Mon | Sep 20, 2021

‘TRAGEDY TO HUMANITY’

PM lashes vaccine hoarders as immunisation drive notches record numbers

Published:Wednesday | April 14, 2021 | 5:44 AMRomario Scott/Gleaner Writer
Gloria Roberts was the first person to get the COVID-19 jab from midwife Odene Wynter (left) when vaccination restarted shortly before 3 p.m. on Tuesday at the Holy Trinity Anglican Church in Linstead, St Catherine. The centre ran out of vaccines early in
Gloria Roberts was the first person to get the COVID-19 jab from midwife Odene Wynter (left) when vaccination restarted shortly before 3 p.m. on Tuesday at the Holy Trinity Anglican Church in Linstead, St Catherine. The centre ran out of vaccines early in the morning and persons had to wait for up to seven hours to get their shot.
Persons waiting in a line to get vaccinated against COVID-19 at the Hopewell Sports & Community Centre in Hanover.
Persons waiting in a line to get vaccinated against COVID-19 at the Hopewell Sports & Community Centre in Hanover.
1
2

In a shot across the bow directed at world powers like the United States, Prime Minister Andrew Holness cast Jamaica’s mass vaccination of more than 75,000 people over four days as a global marker and laid down the gauntlet for hoarders of the life-saving vials to free up supplies.

The prime minister did not name the United States, but it was apparent the Biden administration which is sitting on tens of millions of doses of the Oxford-AstraZeneca vaccine was in the cross hairs of Holness’ rebuke.

In an impassioned appeal in the nation’s Parliament, Holness said that it would be a travesty of mankind for wealthy countries to allow COVID-19 vaccines to expire without making them available to countries starved of the inoculant.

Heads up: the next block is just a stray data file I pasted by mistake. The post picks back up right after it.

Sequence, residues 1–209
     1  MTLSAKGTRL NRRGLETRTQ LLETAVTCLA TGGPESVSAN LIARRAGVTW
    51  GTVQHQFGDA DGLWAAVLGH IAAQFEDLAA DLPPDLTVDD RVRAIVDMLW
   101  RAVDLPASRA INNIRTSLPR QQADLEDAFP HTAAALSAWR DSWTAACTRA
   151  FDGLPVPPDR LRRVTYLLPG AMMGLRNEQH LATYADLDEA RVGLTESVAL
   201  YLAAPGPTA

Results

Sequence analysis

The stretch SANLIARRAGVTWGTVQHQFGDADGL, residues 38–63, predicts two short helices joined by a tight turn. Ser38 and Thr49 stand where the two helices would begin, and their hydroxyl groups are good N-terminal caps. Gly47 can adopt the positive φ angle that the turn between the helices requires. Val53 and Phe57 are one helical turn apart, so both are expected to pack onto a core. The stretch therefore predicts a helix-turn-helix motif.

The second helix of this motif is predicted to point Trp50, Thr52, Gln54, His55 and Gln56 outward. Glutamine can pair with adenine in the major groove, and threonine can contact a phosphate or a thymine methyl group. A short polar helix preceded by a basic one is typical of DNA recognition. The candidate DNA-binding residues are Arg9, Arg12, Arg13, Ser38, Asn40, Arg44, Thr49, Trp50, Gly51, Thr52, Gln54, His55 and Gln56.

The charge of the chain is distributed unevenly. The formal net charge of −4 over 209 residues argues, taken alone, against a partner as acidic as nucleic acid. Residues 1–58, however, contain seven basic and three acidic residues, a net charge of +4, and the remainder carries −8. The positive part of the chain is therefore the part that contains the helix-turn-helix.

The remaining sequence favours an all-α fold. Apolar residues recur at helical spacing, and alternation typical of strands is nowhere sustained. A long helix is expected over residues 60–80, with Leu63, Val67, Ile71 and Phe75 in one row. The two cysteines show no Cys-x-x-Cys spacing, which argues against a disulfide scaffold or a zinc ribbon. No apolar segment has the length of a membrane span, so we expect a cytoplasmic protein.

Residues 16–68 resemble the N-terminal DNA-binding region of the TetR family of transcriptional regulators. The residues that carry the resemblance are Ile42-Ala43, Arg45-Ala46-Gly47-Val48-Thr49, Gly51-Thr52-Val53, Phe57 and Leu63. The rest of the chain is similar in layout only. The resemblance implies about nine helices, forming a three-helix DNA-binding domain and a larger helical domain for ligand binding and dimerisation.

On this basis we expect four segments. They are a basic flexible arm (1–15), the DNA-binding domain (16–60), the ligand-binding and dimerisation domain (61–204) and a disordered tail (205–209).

Holness noted that the 75,000 doses of the AstraZeneca vaccine that arrived in Kingston days ago have already been used up as the health ministry ramped up inoculation in an islandwide blitz.

“Jamaica has shown that we have the capacity to mobilise mass vaccination campaign over a very short time frame. We are, therefore, calling on the countries that maintain large supplies of vaccine to release a portion of their stock to other countries,” the prime minister said during Tuesday’s sitting of the House of Representatives.

“I think [for] the countries that hold stocks to the point of expiration … it would be the greatest tragedy to humanity,” Holness charged.

Holness thanked the president of South Africa, Cyril Ramaphosa, for releasing the 75,000 doses to Jamaica.

More than 110,000 people have received their first dose of the COVID-19 vaccine, but the country is targeting 1.9 million to achieve herd immunity by March 2022.

Another 50,000 doses of AstraZeneca vaccine are expected to arrive on the island before month end.

Each person is expected to receive two doses of AstraZeneca to be considered fully vaccinated,

As he continued to press countries hoarding supplies, Holness said some nations with below-par take-up should release stockpiled vaccines to Jamaica.

“If we get the stock, we are not going to sit down on it. We are going to use it rapidly. And to countries like Jamaica who are not sitting down waiting on gifts, we have money allocated in the budget to buy back, so when you need it, we will order it and return it to you,” Holness asserted.

Holness made known his concerns that small countries like Jamaica could be left behind as the world seeks to move on from the COVID-19 pandemic.

“It can’t be that some people are fully vaccinated and ready to recover and others still suffering and struggling and can’t participate in the recovery. That is not fair in the world,” Holness stated.

In the meantime, the prime minister hailed the three consecutive weekend lockdowns, starting March 27, as a success as he announced new measures.

He said the spread of the coronavirus had been slowed but test positivity rate and hospitalisations remain high.

As of Saturday, the lockdown will begin at 4 p.m. and end 5 a.m. the next day. On Sundays, the curfew will begin at 2 p.m. and end 5 a.m. the next day.

Holness said the half-day shutdown on Friday would not continue.

During the week, the curfew will begin at 8 p.m. and end 5 a.m. the next day.

The measures will be in place until May 4.

The United Kingdom travel ban will continue until April 30, when it will expire.

Additionally, the travel ban on flights from South America, Brazil, Chile, Peru, Colombia, Argentina, and Paraguay has been extended until May.